Probe into MTN bribery claims may hit snags
The daughter of the judge appointed by MTN to head a "fiercely independent" committee of inquiry into company bribery allegations in Iran used to work for the JSE-listed company.
The Hoffmann committee was established in February to probe the bribery allegations after Turkish cellphone operator Turkcell filed a lawsuit in a US court alleging that the SA multinational had paid bribes to secure an operating licence in Iran in 2004.
Jenny Hoffmann, the daughter of Judge Lord Leonard Hoffmann who is leading the inquiry, was employed as chief executive of MTN Banking for nine months between 2005 and 2006.
MTN Banking was a division that fell under the company's then commercial director Irene Charnley, which means that she reported directly to Charnley.
This raises serious questions about Judge Hoffmann's conflict of interest and the committee's credibility as Charnley - together with former MTN chief executive Phuthuma Nhleko - are implicated in the bribery scandal.
Former MTN director in Iran, Chris Kilowan, alleged in court documents before a US court that Charnley had approved a US$200,000 (about R1.7-million) payment to South Africa's former ambassador to Iran, Yusuf Saloojee. Kilowan is testifying on behalf of Turkcell, which is suing MTN for US$4.2 billion (about R45,7-billion).
When announcing the committee to lead the inquiry in February, MTN chairman Cyril Ramaphosa said the committee would probe the allegations in depth and recommend appropriate action.
"This committee will comprise non-executive members of our board, and will be chaired by Lord Hoffmann," Ramaphosa said. "I am confident that he will bring a fiercely independent perspective to the process."
But Ramaphosa never disclosed to the shareholders - and the public - the relationship between Judge Hoffmann and his daughter Jenny, who is now based in the UK, where she runs a risk solutions company that is focused on the use of mobile technology to make innovative payments.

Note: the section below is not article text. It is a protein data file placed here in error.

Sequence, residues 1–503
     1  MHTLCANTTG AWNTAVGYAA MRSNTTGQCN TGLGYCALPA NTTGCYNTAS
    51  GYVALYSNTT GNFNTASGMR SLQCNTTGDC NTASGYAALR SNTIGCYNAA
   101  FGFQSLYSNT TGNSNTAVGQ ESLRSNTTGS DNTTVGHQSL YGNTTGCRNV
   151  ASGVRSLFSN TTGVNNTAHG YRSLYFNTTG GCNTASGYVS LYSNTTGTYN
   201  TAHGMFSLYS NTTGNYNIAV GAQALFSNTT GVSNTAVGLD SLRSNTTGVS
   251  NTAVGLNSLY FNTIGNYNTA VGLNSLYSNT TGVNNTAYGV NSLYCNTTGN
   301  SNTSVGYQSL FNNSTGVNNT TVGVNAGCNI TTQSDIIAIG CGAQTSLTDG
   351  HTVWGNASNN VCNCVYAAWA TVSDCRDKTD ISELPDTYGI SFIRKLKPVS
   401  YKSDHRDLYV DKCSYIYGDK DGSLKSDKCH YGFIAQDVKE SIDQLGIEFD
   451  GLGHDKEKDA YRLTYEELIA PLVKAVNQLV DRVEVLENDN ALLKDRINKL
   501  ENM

Her business, Risk Frontiers, boasts MTN adverts on its website. One such advert is for Ubuntu Point MTN, a Channel Life initiative, supported by Pactel, Big Box Containers, MTN and MTN Banking.
MTN spokesman Paul Norman defended the Hoffmann Committee.
"Lord Hoffmann declared on his appointment to head the MTN inquiry that his daughter had been employed by MTN Mobile Money Holdings for approximately 10 months in 2005/2006," said Norman.
"MTN Banking is a joint venture between Standard Bank and MTN. In this role, Jenny Hoffmann had no links or involvement in Iran, nor in MTN's interests in Iran."
"On this basis, other members of the Hoffmann Committee judged there was no potential or real conflict," he said.
Rhodes Business School professor Owen Skae said in terms of good corporate governance, should anything be perceived as having a conflict of interest it might create problems for the committee of inquiry.
"I can't comment on the merits and demerits of the matter, but in terms of good corporate governance, a relationship of this nature should have been disclosed," said Skae.
Institute of Directors chief executive Ansie Ramalho said there would be nothing untoward about the committee if Jenny Hoffmann was not linked to the investigation.